Nashville’s reputation as the home of country music precedes it — legends like Hank Williams, Johnny Cash and Dolly Parton frequented stages across the city, ultimately creating a permanent niche for both the genre and the town in the national psyche.
This influence continues today, with the city still harboring the most storied stages in country music. Now that Ken Burns’ heralded documentary on country music has landed, here’s our list of unmissable venues for all things country, bluegrass and Americana.
Grand Ole Opry
The Grand Ole Opry calls itself ‘The Show That Made Country Music Famous,’ and the assertion isn’t far off – the long-running weekly country music show has been around since 1925 and has featured many of the genre’s most well-known artists as members, including Emmylou Harris, Loretta Lynn, Trisha Yearwood and more.
The Opry began as a radio show but soon evolved to a live stage show due to its popularity, hopping around town and eventually taking up residence at the Ryman Auditorium for three decades. The show moved to the Grand Ole Opry House in 1974 (though it still has stints at the Ryman from time to time), and since then it has continued to fill seats and keep country music enthusiasts coming from miles around.
Ask anyone from Nashville about their favorite music venues and the Ryman will undoubtedly feature highly on their list. The ‘Mother Church of Country Music’ was originally built as a church in 1890 before becoming a profoundly varied venue hosting presidential addresses, circuses, famous actresses and, of course, country and bluegrass legends such as Earl Scruggs, Charley Pride, Merle Haggard and more. The Grand Ole Opry’s long tenure here established the location as a country music pilgrimage for years to come.
Today, a concert at the Ryman continues to be a spiritual experience – the acoustics are incredible, the space both expansive and intimate at once, and nothing beats the sound of happy patrons drumming on the wooden pews to spur an encore.
Robert’s Western World
Nashville’s Broadway is a dizzying mix of neon and can be hard to navigate for first-timers looking for an authentic music experience. Wade through the bevy of bars belting out 80s and 90s rock hits to find Robert’s Western World, a beacon for country-loving folk looking to cut a rug. True to form, the building was home to a steel guitar company from the 50s to the 80s; in the 90s Robert’s opened first as a Western apparel shop before evolving into the cozy music venue with a short-order counter it is today.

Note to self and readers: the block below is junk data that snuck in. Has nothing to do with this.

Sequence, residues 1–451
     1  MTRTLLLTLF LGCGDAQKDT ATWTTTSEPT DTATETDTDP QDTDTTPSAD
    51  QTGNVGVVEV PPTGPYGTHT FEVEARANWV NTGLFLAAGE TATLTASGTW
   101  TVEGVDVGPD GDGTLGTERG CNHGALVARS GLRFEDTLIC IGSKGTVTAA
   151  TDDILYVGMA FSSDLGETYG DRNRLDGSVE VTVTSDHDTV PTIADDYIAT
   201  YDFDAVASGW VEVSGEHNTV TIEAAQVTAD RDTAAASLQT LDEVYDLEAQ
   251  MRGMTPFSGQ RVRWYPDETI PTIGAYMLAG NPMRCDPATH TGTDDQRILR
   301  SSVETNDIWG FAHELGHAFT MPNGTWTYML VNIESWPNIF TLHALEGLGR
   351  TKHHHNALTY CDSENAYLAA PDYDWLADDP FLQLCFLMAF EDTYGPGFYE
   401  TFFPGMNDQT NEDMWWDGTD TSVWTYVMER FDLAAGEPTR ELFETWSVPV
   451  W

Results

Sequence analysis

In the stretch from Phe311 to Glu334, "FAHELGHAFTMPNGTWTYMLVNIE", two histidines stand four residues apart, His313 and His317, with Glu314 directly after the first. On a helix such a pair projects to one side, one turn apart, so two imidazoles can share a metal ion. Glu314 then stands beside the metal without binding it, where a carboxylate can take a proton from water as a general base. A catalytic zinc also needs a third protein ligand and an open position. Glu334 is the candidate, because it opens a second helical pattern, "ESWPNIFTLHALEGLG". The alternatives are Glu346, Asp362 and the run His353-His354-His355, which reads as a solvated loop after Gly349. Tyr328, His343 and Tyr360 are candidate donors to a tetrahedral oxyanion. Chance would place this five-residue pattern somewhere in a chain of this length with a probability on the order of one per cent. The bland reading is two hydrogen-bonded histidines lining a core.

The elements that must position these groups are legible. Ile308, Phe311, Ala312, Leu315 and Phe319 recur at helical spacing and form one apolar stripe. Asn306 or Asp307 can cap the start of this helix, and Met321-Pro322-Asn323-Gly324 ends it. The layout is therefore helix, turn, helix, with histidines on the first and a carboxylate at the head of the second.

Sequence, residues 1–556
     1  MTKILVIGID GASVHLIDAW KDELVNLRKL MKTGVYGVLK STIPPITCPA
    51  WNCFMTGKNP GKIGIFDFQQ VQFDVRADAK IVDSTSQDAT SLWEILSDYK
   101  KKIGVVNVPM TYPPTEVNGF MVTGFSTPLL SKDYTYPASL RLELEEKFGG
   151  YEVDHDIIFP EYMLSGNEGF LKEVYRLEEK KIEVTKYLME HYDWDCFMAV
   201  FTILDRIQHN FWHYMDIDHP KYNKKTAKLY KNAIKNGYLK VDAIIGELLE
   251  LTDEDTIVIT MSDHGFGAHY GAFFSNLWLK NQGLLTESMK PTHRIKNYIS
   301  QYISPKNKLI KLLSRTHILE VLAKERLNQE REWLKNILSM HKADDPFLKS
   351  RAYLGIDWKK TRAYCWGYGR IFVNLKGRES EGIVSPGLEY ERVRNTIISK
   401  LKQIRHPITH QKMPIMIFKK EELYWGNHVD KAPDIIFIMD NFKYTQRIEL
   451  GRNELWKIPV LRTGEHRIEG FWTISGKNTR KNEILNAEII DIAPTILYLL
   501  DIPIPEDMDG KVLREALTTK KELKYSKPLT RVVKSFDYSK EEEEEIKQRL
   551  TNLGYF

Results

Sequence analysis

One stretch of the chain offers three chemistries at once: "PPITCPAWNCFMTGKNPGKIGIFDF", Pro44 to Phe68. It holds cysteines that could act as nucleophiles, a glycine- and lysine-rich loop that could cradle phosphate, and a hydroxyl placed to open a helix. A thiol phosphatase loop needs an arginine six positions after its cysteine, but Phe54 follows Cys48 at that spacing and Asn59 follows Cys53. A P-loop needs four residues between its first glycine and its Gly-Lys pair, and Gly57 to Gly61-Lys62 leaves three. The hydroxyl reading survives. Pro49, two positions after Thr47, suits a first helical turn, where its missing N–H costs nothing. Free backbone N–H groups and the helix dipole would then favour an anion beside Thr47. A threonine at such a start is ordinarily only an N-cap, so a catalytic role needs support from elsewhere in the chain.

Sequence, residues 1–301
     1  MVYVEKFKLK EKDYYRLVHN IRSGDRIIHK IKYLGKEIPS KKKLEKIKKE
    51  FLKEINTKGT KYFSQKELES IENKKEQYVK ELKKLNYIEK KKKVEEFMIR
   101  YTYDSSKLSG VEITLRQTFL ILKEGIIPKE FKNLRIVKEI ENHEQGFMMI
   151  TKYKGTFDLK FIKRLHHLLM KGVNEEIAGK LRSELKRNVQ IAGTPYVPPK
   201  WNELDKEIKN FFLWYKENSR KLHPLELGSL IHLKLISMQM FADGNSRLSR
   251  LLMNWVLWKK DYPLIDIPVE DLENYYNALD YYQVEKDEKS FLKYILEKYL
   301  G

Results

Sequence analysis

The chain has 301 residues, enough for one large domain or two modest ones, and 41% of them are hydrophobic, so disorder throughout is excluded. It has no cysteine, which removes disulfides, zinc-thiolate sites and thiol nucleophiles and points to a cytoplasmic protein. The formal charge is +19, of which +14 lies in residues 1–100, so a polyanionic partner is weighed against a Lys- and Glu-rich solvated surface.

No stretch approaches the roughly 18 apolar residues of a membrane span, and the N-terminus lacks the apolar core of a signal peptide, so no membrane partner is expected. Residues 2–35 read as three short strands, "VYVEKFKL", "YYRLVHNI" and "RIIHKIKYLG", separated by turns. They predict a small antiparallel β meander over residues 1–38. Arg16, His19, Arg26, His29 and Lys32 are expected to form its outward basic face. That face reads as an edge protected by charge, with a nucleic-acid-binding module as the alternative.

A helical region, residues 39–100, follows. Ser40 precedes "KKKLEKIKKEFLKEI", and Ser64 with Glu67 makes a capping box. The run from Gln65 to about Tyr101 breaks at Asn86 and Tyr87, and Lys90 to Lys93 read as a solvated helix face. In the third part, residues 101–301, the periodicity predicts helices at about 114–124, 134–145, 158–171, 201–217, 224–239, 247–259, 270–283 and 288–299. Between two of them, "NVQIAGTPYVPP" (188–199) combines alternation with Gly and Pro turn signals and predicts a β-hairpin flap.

The bar plays host to the best old-school country acts on the Broadway strip, and the small dance floor is frequently filled with diehard enthusiasts who love to move their boots. Get in the thick of it or watch it all from the balcony while chowing down on a fried bologna sandwich.
Set away from Nashville’s dense downtown, the iconic Bluebird Cafe looks humble to outside eyes, but this little listening room has played host to some of country’s songwriting greats. It’s where many artists have been discovered (including Garth Brooks and Taylor Swift), and it’s considered the preeminent place to play for anyone looking to make it in Nashville’s music industry. The venue enforces a quiet policy to keep the focus on the performers, and the Bluebird feels like hallowed ground as a result.
The space only holds 100 people, so tickets sell out quickly and lines get long – plan ahead for this one.
The Gulch area of Nashville is symbolic of the city’s relatively newfound tourism boom – the streets are packed with modern eateries, glitzy hotels and plenty of visitors. Standing alone among the high-rise apartments is the tiny Station Inn, a holdout from Nashville’s long musical tradition housed in a squat stone building, rebellious in its simplicity.
The Station Inn’s stage features bluegrass, country, roots and Americana music, and big names like Bill Monroe have made appearances in the coffee-house-like venue. The free Bluegrass Jams on Sundays are a local favorite.
Country Music Hall of Fame
If you’re looking to take a deep dive into the history of country music, the Country Music Hall of Fame is your best bet. The extensive collections housed here cover the course of the genre’s development, the birth of Nashville’s legacy as Music City and country music’s contemporary trajectory in rare detail. The HOF is home to a number of rare audio recordings as well as a film theater and performance stage; check the event calendar to see what’s playing.
Acme Feed & Seed: A more recent addition to the music scene on lower Broadway, Acme offers up a genuine good time. The first floor houses the establishment’s southern-style restaurant and its ‘funkytonk’ stage, routinely playing host to local country bands; if you’re looking for a change of pace, travel to the second floor for tasty sushi and then head to the rooftop for a club-like atmosphere with great views of the river and downtown.
The Listening Room Café: The Bluebird may hold the city’s most famous songwriter nights, but it’s not the only listening room in town. This appropriately named establishment is located a stone’s throw from the heart of the city and regularly showcases local talent during intimate songwriter nights. Plus, there’s an on-site restaurant if you’re feeling peckish.